There is no place in my kitchen that doesn’t need a good tidying up/clearing out. (It’s hard to say goodbye to vintage bakeware!) But my pantry was in the most dire straits. So, armed with my Marie Kondo techniques and my need for orderliness, I jumped in.
For those who are still unaware of the “KonMari” phenomenon, its creator, Marie Kondo, is an organizing expert who wrote The Life-Changing Magic of Tidying Up. The success of the book has led to more books and a series on Netflix called “Tidying Up with Marie Kondo.”
Here’s Marie Kondo’s Advice in a Nutshell
The basic principles of the Marie Kondo tidying method (most relevant to the pantry) are:
- You organize by category, rather than location. That means instead of going cupboard by cupboard, you pull all your pots and pans out at once to inspect.
- Take everything out. Nothing should be left on the shelf.
- Put back only the things that spark joy.
How Does the KonMari Method Work for Food?
While there can be clothes, paperwork or books all around the house, in the case of the food, the category and location are basically the same. I took everything out of my small pantry and kitchen cabinets and laid out the contents on my kitchen table and counters. It may seem like an unnecessary step, but seeing everything out can be sobering. Do I really use all this? Do I really need all this?
As long as everything was out (and to procrastinate a bit before I jumped in), I wiped down the now-empty shelves. I also took the opportunity to wipe some peppermint oil along the edges of the shelves to discourage critters. Then, I transferred cereals, crackers, flour and sugar into air-tight containers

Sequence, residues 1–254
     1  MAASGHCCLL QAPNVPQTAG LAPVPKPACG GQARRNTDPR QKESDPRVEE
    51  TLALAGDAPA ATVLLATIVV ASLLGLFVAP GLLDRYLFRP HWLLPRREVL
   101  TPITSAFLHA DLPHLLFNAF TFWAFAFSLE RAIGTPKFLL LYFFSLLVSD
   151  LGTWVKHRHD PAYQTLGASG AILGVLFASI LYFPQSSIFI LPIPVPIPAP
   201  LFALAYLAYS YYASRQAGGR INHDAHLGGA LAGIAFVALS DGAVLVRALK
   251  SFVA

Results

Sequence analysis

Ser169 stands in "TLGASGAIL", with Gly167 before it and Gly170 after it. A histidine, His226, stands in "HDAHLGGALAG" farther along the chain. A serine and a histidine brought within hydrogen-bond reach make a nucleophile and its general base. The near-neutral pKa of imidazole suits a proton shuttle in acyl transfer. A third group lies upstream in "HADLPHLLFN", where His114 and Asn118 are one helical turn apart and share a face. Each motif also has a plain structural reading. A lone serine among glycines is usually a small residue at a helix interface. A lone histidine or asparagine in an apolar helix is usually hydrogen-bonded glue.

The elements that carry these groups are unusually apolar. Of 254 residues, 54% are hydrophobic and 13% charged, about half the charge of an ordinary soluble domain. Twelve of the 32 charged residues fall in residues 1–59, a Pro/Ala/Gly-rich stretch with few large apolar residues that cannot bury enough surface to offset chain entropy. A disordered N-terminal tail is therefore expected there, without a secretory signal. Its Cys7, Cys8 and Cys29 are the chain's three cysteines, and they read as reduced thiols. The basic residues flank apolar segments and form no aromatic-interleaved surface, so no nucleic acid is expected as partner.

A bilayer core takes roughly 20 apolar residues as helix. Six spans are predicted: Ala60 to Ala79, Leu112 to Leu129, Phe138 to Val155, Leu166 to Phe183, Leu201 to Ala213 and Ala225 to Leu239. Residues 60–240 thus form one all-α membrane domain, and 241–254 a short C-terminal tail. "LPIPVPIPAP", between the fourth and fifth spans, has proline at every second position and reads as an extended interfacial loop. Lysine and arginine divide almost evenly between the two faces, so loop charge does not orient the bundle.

Kondo does not address food specifically in her book. But her ideas are fairly adaptable. For food, I translated “spark joy” to anything that wasn’t expired or stale or that I believed I would ever use again. It’s hard to think of baking powder, canned soup or cinnamon as “sparking joy,” but when you need pantry items and they have expired or lost flavor, it definitely sparks frustration and disappointment.
Tip 1: Just Toss What You Won’t Use
I tossed anything that was expired or stale and all the spices that smelled dull. I also started a “for the food pantry” box for anything that was good but I knew I would never use.
Just like Kondo anticipated, when I replaced the remaining “joyful” items pack in the pantry and cabinets, I discovered that I had multiples of several things—like Pam—because I couldn’t find them when I needed them. I only kept one of each.
Kondo is an avid proponent of vertical folding (as opposed to stacking) clothes in drawers. It’s sort of like filing your clothes. I was skeptical, but it really works! Anyway, while I don’t have any foldable food, having everything easily and neatly accessible is important in the pantry, too.
Tip 2: Use the Space Wisely
When arranging things on the shelves, I didn’t put anything in stacks. I also tried to minimize how often I put things behind other things. But if I had two cans of condensed milk, I did put one behind the other. I positioned tall containers (like flour, for instance) behind shorter ones (powdered sugar).
I didn’t want to waste all that back-cabinet space, so I created “bleachers” from some small boxes for my spices. You can buy similar things at the store or on Amazon, but the DIY version worked fine for me.
Yes, There IS Joy in a Tidy Pantry
In the end, while the ramen noodles and olive oil did not really spark joy, my organized shelves definitely did. I find myself smiling when I look in the pantry. Like mess encourages mess, neatness is also contagious. No backsliding yet—and I’m still down to one can of Pam!
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